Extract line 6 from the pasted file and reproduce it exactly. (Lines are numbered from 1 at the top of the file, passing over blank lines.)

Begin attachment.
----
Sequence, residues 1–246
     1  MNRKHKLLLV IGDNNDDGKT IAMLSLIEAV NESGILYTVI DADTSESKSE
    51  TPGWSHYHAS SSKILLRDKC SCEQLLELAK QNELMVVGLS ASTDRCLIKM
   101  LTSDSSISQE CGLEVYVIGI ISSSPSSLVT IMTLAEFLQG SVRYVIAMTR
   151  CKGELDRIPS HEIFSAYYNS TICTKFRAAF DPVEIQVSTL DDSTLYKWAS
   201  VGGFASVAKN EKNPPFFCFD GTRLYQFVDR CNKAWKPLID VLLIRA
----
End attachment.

   201  VGGFASVAKN EKNPPFFCFD GTRLYQFVDR CNKAWKPLID VLLIRA